A study on the Keystone XL project by the economic and financial analysis firm The Perryman Group () reveals the pipeline project’s significant impact on the U.S. economy. These effects over the life of the project include over $20 billion in total spending, over $9 billion in output, and nearly 120,000 person-years of employment. Adding in the project multiplier effects, the total impact on Oklahoma’s economy over the life of the Keystone XL project would be over $1.2 billion.

Mark Stansberry, chairman of The Group and author of the Barnes & Noble Environmental Politics National Bestseller “The Braking Point: America’s Energy Dreams and Global Economic Realties” says, “That the energy crisis that America and the world faces is very serious. Failure to effectively deal with this problem now will threaten our nation’s economic prosperity, compromise our national security, and could radically alter our way of life.” Stansberry emphasizes the importance of the Keystone XL pipeline. “In addition to the positive impact the Keystone project will have on jobs and the economy, it’s critical to recognize that this is a national security issue. The Keystone XL is important to our national security because we are in times of global political tensions which have the potential to seriously disrupt oil supplies.”

Despite the benefits the Keystone XL project offers, there are still questions about its environmental impact. Daniel J. Weiss, senior fellow and director of climate strategy at American Progress, regarding evaluation of the pipeline’s route through Nebraska, asks, “Will building the pipeline cause significant amounts of air pollution? If the pipeline leaks, what are the risks to the Ogallala Aquifer, which is critical to Midwestern agricultural production? Would the route put the Missouri River at risk for pollution through dirty tar sands oil?”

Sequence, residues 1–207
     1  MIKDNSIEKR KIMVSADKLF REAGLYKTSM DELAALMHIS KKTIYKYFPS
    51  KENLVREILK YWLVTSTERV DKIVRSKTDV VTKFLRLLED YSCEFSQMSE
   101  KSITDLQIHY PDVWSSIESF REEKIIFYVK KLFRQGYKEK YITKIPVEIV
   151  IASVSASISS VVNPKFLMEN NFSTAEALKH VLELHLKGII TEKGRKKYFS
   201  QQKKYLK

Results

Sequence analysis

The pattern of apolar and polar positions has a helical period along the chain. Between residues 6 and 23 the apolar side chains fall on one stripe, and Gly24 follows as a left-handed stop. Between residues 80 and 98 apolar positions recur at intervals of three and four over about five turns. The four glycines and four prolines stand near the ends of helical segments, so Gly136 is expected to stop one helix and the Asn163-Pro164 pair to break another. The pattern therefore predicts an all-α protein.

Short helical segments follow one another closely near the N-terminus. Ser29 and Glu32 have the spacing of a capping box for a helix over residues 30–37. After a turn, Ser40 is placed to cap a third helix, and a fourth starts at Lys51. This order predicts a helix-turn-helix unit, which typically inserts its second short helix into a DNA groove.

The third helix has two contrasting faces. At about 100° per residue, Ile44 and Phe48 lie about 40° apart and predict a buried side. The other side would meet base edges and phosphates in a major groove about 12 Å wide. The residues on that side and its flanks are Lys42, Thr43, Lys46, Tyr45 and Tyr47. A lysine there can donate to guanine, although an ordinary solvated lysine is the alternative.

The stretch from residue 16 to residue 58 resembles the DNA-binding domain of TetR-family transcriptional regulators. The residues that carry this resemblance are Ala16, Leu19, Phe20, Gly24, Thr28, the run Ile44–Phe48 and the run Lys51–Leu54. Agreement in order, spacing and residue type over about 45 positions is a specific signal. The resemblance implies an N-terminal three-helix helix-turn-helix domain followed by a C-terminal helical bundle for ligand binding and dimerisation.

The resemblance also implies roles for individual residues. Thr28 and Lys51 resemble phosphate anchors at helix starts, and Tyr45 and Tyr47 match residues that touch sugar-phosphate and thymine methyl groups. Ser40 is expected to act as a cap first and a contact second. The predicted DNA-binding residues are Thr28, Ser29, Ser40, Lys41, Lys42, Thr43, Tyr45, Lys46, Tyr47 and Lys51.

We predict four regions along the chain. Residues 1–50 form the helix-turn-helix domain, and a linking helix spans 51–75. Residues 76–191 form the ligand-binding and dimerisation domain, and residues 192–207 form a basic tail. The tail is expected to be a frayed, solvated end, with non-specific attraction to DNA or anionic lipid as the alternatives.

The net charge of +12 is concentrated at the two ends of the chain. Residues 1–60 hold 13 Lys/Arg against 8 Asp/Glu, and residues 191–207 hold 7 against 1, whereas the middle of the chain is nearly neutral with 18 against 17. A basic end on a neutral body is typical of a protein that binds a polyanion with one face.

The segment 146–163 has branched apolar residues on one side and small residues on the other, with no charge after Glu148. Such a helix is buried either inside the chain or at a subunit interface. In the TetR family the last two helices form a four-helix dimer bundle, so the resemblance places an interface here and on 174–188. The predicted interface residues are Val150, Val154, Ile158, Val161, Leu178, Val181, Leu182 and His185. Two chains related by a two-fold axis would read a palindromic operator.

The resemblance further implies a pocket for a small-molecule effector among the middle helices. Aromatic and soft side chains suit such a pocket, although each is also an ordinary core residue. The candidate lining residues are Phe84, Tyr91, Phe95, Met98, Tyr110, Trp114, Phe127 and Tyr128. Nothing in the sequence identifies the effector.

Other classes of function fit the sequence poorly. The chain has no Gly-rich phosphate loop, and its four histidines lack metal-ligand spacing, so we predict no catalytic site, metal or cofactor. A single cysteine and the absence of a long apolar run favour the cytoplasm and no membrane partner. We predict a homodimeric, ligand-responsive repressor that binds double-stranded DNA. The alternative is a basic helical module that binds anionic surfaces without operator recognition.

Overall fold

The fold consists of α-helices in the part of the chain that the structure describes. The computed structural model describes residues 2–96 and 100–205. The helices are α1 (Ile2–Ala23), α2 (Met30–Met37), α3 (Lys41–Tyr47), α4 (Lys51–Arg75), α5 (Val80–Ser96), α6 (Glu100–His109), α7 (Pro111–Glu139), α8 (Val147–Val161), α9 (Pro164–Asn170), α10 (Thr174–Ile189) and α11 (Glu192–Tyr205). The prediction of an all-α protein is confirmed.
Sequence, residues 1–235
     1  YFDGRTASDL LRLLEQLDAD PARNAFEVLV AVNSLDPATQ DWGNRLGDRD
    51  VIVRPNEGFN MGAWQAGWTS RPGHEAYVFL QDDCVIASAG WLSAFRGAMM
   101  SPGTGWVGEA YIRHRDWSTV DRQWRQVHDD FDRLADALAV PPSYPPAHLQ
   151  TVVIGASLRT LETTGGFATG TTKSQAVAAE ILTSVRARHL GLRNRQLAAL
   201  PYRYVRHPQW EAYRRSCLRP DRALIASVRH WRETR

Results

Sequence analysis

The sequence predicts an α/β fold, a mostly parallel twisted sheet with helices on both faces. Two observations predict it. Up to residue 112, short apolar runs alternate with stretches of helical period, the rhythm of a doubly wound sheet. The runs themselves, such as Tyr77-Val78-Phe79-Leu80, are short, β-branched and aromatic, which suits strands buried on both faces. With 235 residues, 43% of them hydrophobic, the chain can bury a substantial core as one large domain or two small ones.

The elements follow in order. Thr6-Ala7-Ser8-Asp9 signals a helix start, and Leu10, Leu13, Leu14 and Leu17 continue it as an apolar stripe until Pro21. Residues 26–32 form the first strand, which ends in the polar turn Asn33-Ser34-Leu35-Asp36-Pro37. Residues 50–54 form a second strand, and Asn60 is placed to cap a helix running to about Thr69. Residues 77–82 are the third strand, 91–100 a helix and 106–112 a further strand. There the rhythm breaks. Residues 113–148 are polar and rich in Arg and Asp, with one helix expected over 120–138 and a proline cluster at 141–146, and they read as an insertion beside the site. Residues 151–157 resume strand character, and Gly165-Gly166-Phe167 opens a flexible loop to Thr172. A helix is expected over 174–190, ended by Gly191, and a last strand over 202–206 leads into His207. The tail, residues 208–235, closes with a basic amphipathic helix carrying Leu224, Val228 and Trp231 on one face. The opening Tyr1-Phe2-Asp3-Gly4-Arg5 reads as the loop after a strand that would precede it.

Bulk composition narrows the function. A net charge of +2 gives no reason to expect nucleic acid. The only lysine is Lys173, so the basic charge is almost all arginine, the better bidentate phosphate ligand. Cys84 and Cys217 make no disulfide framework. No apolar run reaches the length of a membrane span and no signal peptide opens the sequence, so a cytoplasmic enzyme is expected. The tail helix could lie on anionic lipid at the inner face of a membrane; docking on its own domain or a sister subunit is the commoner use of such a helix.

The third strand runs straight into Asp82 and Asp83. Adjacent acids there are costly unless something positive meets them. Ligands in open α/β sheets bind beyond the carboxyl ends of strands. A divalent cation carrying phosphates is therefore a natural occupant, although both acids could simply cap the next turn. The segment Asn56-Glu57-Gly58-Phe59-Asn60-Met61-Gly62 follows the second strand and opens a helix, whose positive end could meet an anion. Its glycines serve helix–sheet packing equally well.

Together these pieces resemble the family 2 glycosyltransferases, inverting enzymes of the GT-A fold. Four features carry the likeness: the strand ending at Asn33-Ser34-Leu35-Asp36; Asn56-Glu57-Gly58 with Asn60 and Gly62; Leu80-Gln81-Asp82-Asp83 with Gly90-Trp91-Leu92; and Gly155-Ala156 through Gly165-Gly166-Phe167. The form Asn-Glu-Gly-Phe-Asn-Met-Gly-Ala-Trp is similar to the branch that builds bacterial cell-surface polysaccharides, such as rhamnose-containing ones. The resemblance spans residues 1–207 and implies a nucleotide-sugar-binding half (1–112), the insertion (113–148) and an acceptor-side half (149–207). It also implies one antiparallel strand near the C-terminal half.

These are just some of the important questions that are being considered. To this point, Stansberry says, “There have been extensive research and environmental impact studies performed regarding the Keystone XL pipeline project since 2008. The studies show no adverse environmental effects.”

For now, notwithstanding the Cushing to Gulf of Mexico segment, the Keystone XL pipeline project cannot proceed because the administration has denied its permit application. In response to the permit denial, TransCanada will submit another application for approval of the Keystone XL project and expects that the exhaustive record and studies compiled over the past three plus years will be taken into consideration.

TransCanada reports it is devoted to minimizing environmental impact along the proposed route and will continue to work collaboratively with Nebraska’s Department of Environmental Quality to determine the safest route for Keystone XL that avoids the Sandhills. This process is expected to be complete in September or October 2012.

In addition, TransCanada has committed to a project labor agreement with the Laborers International Union of North America, the International Brotherhood of Teamsters, the United Association of Journeymen and Apprentices of the Plumbing and Pipefitting Industry of the United States and Canada, -, the International Union of Operating Engineers and the Pipeline Contractors Association.

To access and download the study, visit www.perrymangroup.com. For more information about the Keystone XL Pipeline Project visit www.transcanada.com or

Updated 03-26-2012

Back to Top


email (we never post emails)
  Textile Help

Back to Top

Contact GTR News